The Mike O’Callaghan Military Medical Center at Nellis Air Force Base, Nev., recently began receiving veterans by ambulance transport from the local Southern Nevada community on a case-by-case basis.
The change directly supports the U.S. Air Force’s efforts to increase the facility’s level of care as it begins its transition to a level 3 trauma center in the coming months.
Currently, the Department of Veterans Affairs’ North Las Vegas VA Medical Center does not accept ambulance transports, leaving the MOMCC as the only local, eligible federal facility to receive veterans via ambulance. As such, the VA and the Air Force are teaming up to ensure veterans currently enrolled in VA health care know of the expanded service and the eligibility requirements for it.
“We are excited and humbled to expand our care to veterans in Southern Nevada through increased access to our Emergency Department via civilian ambulance services,” said Col. Alfred K. Flowers, Jr., commander of the 99th Medical Group, which operates the MOMMC. “This increase in service was made possible by investment in additional personnel to improve the medical readiness of our healthcare teams who deploy around the world. Veterans will continue to receive other specialty care and inpatient care at the MOMMC as part of our long-standing joint venture partnership with the VA.”
The VA recommends veterans review the VA eligibility criteria for this expanded service to understand approved uses and VA reimbursement of ambulance transportation.
“If you believe your life or health is in danger, call 911 or go to the nearest emergency room right away,” said Dr. Ramu Komanduri, VASNHS chief of staff. “During a medical emergency, veterans should immediately seek medical care. A medical emergency is an injury, illness or symptom so severe that without immediate treatment, you believe your life or health is in danger.”
VA may pay for emergency transportation provided by a community provider, but the following criteria must be met:
1) VA authorization of transportation in advance (whenever possible) or the veteran (or someone on their behalf) notifying the nearest VA facility within 72 hours; and
2) VA or other Federal facility was not reasonably available to the veteran; and
3) The care the veteran received was for a medical emergency.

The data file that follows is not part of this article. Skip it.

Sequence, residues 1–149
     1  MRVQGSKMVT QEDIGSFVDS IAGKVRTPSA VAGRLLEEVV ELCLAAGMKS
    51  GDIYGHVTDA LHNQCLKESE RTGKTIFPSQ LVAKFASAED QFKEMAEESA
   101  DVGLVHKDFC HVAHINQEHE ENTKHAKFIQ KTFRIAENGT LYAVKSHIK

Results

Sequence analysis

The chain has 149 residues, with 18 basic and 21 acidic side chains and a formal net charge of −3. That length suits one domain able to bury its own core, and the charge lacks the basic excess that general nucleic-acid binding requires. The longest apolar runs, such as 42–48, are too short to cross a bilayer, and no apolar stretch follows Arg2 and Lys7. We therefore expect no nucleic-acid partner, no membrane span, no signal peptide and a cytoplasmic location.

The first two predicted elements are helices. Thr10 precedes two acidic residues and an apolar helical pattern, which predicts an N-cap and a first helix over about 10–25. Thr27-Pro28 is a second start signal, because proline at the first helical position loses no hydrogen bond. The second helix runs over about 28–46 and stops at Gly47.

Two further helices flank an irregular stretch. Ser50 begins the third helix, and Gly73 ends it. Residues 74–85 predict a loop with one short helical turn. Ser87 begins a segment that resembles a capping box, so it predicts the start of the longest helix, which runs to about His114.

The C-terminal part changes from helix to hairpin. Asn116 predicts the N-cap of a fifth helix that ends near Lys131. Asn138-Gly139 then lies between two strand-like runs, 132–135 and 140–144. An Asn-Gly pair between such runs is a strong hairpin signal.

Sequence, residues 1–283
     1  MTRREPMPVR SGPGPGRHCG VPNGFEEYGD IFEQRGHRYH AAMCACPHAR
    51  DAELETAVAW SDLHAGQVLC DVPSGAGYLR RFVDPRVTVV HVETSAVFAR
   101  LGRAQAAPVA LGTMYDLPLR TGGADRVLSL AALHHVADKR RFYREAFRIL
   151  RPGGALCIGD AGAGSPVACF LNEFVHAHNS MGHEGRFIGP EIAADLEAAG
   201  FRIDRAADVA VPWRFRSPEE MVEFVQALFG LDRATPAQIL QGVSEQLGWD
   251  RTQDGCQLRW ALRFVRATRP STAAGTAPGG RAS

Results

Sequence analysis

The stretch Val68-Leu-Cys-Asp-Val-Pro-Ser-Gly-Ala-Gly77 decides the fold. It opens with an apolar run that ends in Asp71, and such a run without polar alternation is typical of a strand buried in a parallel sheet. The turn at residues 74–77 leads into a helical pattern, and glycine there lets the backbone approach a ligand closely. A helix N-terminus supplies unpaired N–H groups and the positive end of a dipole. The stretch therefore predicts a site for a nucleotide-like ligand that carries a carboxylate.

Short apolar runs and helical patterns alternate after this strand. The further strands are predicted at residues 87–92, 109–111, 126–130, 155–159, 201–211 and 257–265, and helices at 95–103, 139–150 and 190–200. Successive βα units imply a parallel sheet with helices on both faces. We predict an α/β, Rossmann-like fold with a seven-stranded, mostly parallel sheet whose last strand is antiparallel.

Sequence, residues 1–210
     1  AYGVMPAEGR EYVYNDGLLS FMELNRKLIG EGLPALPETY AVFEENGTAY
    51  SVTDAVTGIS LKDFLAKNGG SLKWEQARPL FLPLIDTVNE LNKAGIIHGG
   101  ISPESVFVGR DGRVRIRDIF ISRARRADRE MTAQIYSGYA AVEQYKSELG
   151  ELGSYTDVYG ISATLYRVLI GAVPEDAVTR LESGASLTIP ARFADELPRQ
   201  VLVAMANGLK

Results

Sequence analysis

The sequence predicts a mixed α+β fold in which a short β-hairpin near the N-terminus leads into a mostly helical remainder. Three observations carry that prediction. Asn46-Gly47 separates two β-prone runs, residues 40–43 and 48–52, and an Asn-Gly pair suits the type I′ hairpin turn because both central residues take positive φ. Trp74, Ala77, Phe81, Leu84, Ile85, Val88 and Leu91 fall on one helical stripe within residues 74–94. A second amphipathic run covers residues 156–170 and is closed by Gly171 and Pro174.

To qualify for VA reimbursement of ambulance transportation and emergency medical care at another federal or community emergency department all five of the following elements must be true:
1) Care was provided in a hospital emergency department (or similar public facility held to provide emergency treatment to the public); and
2) The emergency was of such a nature that the veteran (or other prudent layperson without medical training) would reasonably believe that any delay in seeking immediate medical attention would cause their life or health to be placed in jeopardy; and
3) A VA medical facility or another federal facility was not reasonably available to provide the care; and
4) The veteran is enrolled and has received care within a VA facility during the 24 months before the emergency care; and
5) The veteran is financially liable to the provider of emergency treatment.
“As an eligible federal facility, we work with VASNHS daily and can easily assist any veterans we accept via ambulance with necessary VA notifications as well as coordination of their eligibility and care,” said Flowers.
“On any given day, we are coordinating care for more than 100 veterans in the local community,” said William J. Caron, director and CEO of the VA Southern Nevada Healthcare System. “The Mike O’Callaghan Military Medical Center is our joint venture partner locally, and due to our long-standing relationship and proximity to each other, I can think of no better organization to assist us in expanding options and care for our veterans here in Southern Nevada.”
For more information on VA eligibility and payment for emergency transportation and care, review the following fact sheets:
FACT SHEET: Emergency Transportation (Ambulance)
FACT SHEET: Emergency Medical Care